When Marketing with Content, Start with Your Story

Content Marketing
Starting with stories—not delivery channels—is the best way to begin your content marketing effort.

How many times have you heard, “We need to be on Twitter! We ought to be blogging! The competition’s killing us with e-mail—aren’t we going to respond?”

Here’s your response: “What’s our story? Who do we want to hear it? How can we best get it to them? And when they get it, what do we want them to do?”

Starting with stories—not delivery channels—is the best way to begin your content marketing effort. It’s also the easiest way.

Easy? Absolutely. Every company has a story. Someone had an idea and some motivation. Maybe they created a new product or service. Why? Because they were confident they had a better way. What was that way? Why was it better? What made them so sure? What are those core philosophical beliefs that your company will stand up for until they shut the doors? And based on our experiences since that first day, what have we learned that could be of use to our customers and prospects?

Prospects? Wait. Isn’t all this about us? Yes and no. While it’s true that content is used to market companies, it has to be focused not on the company and its offerings but its customers and their challenges. It also has to take into consideration what the competition is saying.

Gathering Intelligence

Gathering insights about your company, its customers, and its competitors has to be the first step in creating a content marketing program. Gathering these insights—collecting these stories—enables you to determine how to best create relevance. It’s also how you start to market with content.

Establishing a Strategy

Once you’ve gathered as much  information as you can, begin the strategy development process by thinking about your markets, offerings, and positioning. All have applications in your content marketing program. Who do we want to reach? What do we want to sell them? What do we have to offer that’s different from our competitors? How can we make our messages compelling?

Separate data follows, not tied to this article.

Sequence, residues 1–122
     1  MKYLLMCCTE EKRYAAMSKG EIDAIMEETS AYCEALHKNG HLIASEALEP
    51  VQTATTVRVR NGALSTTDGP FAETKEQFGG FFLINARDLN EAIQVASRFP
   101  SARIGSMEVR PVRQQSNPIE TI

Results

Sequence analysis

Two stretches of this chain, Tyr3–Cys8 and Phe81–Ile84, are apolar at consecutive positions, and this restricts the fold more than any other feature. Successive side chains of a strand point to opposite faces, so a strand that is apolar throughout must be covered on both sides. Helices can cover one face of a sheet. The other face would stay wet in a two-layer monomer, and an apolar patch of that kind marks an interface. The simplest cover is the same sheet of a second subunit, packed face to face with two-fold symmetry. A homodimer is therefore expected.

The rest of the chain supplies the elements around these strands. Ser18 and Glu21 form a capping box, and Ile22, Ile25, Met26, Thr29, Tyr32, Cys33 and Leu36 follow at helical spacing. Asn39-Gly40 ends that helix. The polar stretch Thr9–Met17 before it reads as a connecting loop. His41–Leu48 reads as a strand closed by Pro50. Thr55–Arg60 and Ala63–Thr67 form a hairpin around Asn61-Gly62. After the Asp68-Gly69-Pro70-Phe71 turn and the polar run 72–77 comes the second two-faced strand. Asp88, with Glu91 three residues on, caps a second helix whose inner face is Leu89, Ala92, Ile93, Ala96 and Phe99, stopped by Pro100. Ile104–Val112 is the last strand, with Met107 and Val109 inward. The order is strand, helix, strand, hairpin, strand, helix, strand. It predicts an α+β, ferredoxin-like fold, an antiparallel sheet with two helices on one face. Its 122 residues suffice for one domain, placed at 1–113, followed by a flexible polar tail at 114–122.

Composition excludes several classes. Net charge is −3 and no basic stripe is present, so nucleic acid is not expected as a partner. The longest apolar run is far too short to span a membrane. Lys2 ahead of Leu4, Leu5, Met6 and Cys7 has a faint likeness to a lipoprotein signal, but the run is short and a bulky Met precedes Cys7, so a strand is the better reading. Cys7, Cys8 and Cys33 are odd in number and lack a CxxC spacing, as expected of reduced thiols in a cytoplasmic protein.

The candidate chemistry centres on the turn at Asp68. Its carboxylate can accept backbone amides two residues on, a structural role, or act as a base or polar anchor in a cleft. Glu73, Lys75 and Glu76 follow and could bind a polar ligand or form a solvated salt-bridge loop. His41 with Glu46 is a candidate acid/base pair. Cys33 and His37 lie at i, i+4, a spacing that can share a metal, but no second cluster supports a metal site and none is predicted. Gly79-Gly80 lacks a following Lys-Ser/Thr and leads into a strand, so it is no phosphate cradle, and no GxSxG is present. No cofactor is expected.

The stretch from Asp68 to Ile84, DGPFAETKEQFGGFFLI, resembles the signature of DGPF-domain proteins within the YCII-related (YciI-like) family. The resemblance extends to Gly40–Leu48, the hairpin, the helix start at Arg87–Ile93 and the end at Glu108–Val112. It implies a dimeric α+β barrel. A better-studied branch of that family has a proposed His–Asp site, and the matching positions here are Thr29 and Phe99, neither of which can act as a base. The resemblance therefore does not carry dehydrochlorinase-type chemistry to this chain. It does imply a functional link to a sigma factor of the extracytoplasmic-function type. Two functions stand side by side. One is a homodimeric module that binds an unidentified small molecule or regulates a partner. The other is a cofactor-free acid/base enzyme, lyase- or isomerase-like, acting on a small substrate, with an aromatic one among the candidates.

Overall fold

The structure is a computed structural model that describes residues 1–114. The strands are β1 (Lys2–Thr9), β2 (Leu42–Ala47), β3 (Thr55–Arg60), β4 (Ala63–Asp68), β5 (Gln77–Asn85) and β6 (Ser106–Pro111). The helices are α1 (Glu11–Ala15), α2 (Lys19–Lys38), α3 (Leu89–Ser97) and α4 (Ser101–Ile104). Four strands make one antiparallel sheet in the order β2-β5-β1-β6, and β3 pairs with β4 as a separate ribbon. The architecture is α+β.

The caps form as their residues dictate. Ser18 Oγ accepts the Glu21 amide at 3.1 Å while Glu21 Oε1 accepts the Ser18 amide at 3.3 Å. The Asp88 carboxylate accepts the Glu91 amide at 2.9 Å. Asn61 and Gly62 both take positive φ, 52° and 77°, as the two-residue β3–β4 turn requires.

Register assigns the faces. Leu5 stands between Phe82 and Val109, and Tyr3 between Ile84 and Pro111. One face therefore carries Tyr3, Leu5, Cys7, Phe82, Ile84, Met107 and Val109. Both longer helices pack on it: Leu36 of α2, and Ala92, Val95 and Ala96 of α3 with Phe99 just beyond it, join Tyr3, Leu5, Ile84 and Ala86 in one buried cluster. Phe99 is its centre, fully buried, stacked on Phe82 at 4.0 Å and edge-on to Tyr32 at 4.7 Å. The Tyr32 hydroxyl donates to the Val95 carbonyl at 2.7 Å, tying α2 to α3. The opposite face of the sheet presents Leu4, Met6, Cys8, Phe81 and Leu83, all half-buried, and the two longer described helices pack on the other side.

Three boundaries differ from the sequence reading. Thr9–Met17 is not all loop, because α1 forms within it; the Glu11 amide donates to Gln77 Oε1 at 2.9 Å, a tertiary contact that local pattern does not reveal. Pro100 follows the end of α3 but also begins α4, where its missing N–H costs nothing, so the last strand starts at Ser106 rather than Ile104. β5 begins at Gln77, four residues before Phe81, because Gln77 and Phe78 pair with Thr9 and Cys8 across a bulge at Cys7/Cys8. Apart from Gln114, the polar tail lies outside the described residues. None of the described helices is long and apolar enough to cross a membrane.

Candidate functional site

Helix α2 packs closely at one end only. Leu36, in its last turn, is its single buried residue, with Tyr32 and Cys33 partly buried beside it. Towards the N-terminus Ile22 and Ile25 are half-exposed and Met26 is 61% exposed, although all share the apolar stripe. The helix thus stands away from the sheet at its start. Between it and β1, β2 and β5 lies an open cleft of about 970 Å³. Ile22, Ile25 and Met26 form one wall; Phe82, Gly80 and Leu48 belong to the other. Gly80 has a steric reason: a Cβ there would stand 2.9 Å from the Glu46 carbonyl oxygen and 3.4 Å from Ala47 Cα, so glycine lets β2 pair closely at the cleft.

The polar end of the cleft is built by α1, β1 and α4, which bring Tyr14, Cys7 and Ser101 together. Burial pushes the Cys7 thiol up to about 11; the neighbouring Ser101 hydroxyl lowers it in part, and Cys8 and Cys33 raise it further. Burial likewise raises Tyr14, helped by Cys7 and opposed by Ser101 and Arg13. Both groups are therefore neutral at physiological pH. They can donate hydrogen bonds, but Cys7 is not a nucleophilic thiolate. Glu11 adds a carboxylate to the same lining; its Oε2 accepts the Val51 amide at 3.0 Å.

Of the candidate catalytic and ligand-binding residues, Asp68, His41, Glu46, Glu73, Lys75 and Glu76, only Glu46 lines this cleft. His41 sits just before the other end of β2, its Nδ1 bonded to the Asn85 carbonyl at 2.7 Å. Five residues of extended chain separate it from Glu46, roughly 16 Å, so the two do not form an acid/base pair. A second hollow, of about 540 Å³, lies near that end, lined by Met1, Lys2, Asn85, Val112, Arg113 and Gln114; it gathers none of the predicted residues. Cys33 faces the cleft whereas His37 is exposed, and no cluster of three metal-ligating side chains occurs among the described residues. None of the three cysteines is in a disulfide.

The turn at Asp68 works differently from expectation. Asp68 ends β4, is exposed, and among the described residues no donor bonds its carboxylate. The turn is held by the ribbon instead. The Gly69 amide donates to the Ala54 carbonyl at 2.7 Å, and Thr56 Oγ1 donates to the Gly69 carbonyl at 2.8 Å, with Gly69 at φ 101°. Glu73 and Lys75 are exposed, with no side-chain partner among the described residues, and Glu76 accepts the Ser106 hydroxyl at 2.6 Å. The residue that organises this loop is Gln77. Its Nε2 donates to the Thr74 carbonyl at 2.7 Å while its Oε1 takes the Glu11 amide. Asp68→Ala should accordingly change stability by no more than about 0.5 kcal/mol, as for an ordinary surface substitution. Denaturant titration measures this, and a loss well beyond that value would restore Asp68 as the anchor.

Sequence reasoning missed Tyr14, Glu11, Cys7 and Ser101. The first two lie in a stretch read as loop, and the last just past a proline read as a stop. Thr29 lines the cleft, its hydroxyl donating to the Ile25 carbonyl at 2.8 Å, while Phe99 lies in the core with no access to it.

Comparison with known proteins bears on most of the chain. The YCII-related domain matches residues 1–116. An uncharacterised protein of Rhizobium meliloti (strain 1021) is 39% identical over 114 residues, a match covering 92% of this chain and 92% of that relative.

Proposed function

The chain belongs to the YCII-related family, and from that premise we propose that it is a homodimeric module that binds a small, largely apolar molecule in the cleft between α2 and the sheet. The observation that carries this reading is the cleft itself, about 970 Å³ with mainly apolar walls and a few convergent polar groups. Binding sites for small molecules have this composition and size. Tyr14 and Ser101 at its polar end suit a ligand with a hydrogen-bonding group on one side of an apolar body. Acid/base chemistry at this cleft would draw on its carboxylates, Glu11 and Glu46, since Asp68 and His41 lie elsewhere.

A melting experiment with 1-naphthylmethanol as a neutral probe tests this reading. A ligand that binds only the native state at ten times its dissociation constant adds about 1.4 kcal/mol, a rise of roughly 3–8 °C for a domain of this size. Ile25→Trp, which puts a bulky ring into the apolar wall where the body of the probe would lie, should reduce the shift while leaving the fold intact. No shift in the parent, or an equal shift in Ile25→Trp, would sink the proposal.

Being compelling in your content means giving your prospects advice they can use to solve a problem or prevent one. It means making your customers smarter and better able to succeed, both in their organizations and as individuals. Remember, people read business-related content to get ahead in their jobs and their careers. The more you sell yourself, the less they’ll like you.

Executing the Tactics

Execution entails resources, tactics, and metrics. The resources question is usually the most challenging, but there are plenty of third parties out there willing to help. However, if you ask them what you should do, they’ll probably tell you to do the things they do best. So set your tactical priorities first, and make sure there is agreement as to what success looks like.

Finally, it’s time to decide whether you want to start a blog, write an e-book, or get serious about Twitter. The vehicle depends on the message and the audience. Not sure how exactly to proceed? Feel free to start slowly and evaluate in a few months. Just make sure the execution is driven by the strategy and the strategy is driven by intelligence. If all else fails, put yourself in your customer’s shoes by asking what help they need and then telling them how to get it.

That’s your story. Stick to it.

A final thought: “Content marketing is all about telling a compelling story.” ~Joe Pulizzi, Content Marketing Institute